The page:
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Luxury-car market shifts gear in China

China is one of the biggest luxury car markets. Photo:

In recent years, luxury-car makers have been all fired up over China. The likes of Ferrari, Rolls-Royce and Aston Martin rolled out models carrying images of dragons or other auspicious symbols.

Lately, though, their fortunes have taken a turn for the worse. China's economic slowdown and Beijing's drive against conspicuous consumption are taking a toll. Ferrari's China sales volume in the first six months of 2013 was down 12.5% from a year earlier. Bentley's China sales were down 23%. At Lamborghini, sales growth has ground to a stop.

While the top end of the luxury-auto market is stalling, though, less pricey cars are faring much better. BMW's China sales volume for January-June was up 15% from a year earlier. At Jaguar-Land Rover, the increase was 16%; at Audi, 17.7%.

More-affordable premium brands such as BMW, Audi and Land Rover cater to China's growing middle class, rather than the country's uber-rich. McKinsey says the number of potential buyers for premium cars in China is set to grow rapidly as households with incomes above $34,000 more than triples to 23 million by 2020.

Investors looking to tap that market may run into trouble, with the likes of JLR-owner Tata Motors and BMW, whose home markets of India and Europe are dragging down growth. Instead, Hong Kong-listed Brilliance China Automotive is an almost pure play on sales of premium autos in China.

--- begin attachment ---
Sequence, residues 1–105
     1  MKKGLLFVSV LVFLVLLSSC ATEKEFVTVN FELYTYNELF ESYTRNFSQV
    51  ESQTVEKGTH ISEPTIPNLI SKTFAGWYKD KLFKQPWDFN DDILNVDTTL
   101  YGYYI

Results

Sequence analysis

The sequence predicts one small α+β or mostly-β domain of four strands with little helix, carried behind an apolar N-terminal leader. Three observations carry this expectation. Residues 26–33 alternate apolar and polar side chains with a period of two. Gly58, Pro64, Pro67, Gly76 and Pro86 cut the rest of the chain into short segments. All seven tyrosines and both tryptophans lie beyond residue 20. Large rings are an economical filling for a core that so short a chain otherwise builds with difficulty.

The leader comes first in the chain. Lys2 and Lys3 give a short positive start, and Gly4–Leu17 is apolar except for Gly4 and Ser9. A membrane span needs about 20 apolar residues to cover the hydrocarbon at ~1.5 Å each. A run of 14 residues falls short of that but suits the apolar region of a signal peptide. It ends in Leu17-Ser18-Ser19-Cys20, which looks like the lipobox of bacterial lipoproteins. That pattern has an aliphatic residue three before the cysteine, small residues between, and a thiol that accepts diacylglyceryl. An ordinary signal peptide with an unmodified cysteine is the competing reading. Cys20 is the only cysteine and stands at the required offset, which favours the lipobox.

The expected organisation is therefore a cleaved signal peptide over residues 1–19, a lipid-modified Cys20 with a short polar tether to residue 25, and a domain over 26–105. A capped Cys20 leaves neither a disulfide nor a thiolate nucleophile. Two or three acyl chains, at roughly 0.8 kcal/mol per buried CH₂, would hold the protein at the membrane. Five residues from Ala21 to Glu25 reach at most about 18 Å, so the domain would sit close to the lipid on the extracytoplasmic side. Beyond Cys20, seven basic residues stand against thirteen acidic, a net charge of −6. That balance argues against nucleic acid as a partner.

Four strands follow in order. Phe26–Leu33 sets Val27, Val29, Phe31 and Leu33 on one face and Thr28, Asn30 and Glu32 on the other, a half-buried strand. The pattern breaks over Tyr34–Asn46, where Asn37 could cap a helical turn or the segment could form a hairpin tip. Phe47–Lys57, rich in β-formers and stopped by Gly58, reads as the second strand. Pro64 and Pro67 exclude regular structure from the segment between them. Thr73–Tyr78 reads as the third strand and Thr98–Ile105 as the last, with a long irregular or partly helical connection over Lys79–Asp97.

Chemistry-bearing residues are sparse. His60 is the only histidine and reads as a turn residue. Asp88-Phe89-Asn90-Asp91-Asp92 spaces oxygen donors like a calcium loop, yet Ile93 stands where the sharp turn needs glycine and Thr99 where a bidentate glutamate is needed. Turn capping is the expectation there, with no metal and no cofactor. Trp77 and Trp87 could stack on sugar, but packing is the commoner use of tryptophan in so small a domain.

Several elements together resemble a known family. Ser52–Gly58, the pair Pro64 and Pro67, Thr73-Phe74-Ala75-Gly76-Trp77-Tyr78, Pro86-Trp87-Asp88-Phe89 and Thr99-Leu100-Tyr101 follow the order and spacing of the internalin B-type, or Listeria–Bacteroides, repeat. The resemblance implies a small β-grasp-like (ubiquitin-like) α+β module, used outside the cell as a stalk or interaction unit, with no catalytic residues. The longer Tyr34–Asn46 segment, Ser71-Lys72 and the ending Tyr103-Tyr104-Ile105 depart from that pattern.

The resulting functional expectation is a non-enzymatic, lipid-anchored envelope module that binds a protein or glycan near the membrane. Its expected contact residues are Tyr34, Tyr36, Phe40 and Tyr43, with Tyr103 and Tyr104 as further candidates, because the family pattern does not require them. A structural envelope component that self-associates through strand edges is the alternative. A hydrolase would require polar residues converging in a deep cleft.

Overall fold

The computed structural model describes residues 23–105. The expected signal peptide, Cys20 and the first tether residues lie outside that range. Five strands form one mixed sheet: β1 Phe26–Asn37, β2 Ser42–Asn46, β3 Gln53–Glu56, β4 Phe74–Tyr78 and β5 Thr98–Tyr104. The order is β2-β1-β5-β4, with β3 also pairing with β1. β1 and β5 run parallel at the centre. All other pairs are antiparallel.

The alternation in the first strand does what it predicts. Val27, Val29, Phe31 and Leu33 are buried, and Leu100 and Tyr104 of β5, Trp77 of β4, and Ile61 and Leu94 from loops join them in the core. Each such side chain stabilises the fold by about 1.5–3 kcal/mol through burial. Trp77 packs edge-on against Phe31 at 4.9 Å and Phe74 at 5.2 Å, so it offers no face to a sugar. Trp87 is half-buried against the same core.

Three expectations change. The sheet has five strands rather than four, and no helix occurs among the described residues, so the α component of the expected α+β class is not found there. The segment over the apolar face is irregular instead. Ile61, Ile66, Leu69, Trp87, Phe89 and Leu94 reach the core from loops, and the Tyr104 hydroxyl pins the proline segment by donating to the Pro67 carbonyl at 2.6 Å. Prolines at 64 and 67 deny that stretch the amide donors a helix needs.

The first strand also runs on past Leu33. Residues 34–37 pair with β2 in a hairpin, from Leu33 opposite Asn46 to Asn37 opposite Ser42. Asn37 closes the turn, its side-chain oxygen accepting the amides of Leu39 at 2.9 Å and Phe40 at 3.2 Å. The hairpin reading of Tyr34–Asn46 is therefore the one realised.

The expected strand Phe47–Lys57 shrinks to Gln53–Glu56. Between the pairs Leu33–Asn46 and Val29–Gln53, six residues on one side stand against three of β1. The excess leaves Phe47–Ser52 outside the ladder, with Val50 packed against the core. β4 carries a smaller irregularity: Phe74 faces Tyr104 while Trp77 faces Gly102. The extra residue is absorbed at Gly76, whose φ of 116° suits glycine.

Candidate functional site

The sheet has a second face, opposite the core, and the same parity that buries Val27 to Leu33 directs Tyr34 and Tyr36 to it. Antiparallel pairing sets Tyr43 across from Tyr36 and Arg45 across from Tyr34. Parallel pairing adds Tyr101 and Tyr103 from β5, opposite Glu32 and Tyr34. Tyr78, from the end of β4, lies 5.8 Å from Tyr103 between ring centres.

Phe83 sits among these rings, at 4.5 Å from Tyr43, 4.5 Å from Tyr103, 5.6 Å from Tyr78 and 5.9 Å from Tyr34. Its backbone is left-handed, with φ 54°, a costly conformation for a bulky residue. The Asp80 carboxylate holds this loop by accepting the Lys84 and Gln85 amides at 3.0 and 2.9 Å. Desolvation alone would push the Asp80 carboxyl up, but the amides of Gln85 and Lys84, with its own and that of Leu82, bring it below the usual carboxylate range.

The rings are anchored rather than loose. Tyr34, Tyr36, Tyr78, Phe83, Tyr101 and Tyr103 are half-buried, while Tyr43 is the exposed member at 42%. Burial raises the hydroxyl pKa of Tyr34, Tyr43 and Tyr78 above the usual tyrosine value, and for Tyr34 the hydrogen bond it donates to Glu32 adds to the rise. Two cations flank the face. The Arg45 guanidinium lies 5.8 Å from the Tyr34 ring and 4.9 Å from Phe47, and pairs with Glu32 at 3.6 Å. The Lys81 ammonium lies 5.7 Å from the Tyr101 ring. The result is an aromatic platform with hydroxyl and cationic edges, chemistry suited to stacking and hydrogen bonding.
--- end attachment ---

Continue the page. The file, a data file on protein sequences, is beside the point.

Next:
Brilliance owns 50% of a joint venture with BMW to make and sell the German-brand autos, predominantly the more affordable 3-series and 5-series models. The Chinese company's profit from the venture—substantially all of its earnings—was 2.1 billion yuan ($343 million) in the first half of 2013, up 60% from a year earlier.

Brilliance trades at about 12.7 times forecast earnings for the next 12 months, according to FactSet. BMW trades at about 9.2 times forward earnings. The potential earnings growth for the Chinese company is significantly higher. Bernstein Research analyst Max Warburton forecasts Brilliance's profit will more than double by 2015, buoyed by rising demand and higher margins as increased output leads to lower cost of production per vehicle.

Ultra-high-end car makers have done well from riding the Chinese dragon in the past few years. But from here on, China's broad middle class will breathe more life into auto makers that serve the more affordable slice of the market.

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